And how does Orion acknowledge this tremendous sacrifice?
It’s great that Batman plants one on Orion’s jaw for that minimizing response, but it doesn’t quite make up for the insult. As much as I love superhero comics, there’s no way that punching can solve deep-seated prejudice or an entire worldview. It’s only good for a brief cathartic moment, no matter how well drawn by a master like Mike Mignola.
This is where it gets complicated too. It’s bad that Orion doesn’t appear to learn anything in Cosmic Odyssey. It’s bad that he treats an incredible soul like Forager with such disdain. It’s bad that he kills hundreds of innocents in order to save billions of others. Yet we can’t deny that Orion is one of the good guys.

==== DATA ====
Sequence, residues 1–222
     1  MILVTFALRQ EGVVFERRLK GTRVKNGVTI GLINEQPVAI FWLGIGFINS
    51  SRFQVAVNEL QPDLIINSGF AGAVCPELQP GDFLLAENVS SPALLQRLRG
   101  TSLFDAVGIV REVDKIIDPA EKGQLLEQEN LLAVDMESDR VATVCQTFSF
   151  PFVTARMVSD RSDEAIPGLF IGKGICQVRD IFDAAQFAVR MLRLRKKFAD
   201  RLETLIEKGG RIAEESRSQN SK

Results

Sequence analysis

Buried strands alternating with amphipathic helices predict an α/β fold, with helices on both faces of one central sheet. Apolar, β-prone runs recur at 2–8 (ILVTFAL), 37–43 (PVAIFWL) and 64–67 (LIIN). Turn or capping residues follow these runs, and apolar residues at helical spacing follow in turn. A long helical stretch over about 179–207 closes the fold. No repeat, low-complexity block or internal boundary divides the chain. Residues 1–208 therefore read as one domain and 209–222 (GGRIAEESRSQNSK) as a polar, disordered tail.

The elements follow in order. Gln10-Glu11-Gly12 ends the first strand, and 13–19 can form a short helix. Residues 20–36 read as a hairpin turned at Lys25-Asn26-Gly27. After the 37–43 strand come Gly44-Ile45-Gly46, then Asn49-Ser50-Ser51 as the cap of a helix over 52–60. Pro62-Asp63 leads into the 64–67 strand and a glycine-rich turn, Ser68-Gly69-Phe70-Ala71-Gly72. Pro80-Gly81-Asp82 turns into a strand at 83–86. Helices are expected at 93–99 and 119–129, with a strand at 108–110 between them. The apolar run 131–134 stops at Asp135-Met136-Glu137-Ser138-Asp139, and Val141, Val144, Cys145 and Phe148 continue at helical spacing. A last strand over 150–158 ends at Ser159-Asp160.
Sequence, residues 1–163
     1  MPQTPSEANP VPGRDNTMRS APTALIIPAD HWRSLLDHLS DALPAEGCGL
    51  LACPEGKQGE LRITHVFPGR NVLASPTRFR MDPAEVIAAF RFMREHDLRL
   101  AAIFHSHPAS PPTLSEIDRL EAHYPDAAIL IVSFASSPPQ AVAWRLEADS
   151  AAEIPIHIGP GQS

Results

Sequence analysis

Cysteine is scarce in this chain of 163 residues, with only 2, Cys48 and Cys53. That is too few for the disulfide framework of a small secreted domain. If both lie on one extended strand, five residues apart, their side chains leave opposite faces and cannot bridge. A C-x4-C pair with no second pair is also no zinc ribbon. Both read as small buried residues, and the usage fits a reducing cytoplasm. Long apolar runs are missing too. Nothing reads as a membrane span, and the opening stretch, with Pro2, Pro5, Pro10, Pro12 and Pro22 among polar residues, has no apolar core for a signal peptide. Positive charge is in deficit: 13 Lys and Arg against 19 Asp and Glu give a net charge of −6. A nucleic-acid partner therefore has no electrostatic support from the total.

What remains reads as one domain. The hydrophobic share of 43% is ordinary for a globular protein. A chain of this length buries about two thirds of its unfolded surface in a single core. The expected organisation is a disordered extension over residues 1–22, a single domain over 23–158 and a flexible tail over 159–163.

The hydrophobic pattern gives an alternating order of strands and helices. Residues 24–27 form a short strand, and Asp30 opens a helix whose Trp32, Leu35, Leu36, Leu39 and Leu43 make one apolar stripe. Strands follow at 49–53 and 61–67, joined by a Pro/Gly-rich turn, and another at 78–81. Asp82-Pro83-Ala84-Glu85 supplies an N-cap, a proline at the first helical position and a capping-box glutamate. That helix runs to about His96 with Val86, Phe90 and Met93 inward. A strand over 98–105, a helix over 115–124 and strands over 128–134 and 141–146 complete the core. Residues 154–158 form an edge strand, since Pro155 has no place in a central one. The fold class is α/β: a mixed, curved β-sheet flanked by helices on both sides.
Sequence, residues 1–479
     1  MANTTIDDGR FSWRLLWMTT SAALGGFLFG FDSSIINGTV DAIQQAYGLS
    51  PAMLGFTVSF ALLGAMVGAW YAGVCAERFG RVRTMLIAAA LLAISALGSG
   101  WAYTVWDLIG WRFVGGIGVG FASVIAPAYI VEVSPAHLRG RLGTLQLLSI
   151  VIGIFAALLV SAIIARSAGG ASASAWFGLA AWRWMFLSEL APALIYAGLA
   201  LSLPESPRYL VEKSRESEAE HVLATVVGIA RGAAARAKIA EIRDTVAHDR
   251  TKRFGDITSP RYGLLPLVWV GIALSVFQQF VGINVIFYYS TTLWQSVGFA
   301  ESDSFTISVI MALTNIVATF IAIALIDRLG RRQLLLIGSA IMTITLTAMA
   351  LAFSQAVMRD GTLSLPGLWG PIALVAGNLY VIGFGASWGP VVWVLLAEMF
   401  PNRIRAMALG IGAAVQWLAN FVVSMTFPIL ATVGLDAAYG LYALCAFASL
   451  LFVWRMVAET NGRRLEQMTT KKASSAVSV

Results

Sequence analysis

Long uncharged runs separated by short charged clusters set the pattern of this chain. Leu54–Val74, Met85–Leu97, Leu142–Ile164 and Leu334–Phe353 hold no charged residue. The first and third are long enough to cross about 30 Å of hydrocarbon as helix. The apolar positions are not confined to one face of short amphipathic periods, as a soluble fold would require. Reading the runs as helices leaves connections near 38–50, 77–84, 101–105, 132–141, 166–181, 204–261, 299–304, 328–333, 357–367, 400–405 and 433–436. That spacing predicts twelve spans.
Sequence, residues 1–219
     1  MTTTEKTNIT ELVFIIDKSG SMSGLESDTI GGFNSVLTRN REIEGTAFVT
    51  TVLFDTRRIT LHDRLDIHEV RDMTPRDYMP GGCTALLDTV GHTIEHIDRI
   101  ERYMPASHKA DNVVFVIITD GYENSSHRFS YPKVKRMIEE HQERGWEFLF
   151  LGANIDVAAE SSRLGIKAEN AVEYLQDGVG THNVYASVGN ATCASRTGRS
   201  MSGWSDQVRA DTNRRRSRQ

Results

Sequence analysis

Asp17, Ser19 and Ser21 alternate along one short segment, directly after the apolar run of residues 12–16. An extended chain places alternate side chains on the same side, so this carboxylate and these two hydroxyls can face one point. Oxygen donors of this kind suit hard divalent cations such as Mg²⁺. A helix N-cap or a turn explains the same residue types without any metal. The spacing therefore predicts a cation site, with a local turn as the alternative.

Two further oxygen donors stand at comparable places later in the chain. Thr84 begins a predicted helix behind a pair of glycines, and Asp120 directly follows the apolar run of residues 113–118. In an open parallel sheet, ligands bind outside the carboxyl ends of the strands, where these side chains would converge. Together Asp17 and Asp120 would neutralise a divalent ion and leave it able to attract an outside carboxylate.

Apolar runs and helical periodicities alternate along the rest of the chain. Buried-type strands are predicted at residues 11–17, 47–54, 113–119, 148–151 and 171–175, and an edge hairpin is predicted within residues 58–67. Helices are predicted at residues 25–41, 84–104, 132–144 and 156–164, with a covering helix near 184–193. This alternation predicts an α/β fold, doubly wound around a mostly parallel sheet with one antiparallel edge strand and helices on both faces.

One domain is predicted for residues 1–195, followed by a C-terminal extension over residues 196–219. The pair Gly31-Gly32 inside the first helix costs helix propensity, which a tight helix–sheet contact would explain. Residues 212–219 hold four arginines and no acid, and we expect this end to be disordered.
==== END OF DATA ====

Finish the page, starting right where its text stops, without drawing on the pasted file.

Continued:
He’s not an incidental ally. He’s not an accidental hero. He’s not a vague anti-hero. He really is one of the good guys who is fighting for core values of humanity every day. I think we as readers can take two lessons from that, specifically within the context of Cosmic Odyssey.
First, we learn that our heroes aren’t without fault and don’t need us to apologize on their behalf. The great thing about Batman’s takedown of Orion at the end of the story, or even Superman’s horror midway through, is that they don’t undermine Orion’s accomplishments. Superman doesn’t state that the goal of saving the universe was unworthy and Batman doesn’t act as if Orion’s vile language undermines what he did before. But those actions don’t redeem the sins either. These rebukes acknowledge a world of moral complexity in which heroes also need to be held accountable for their failings.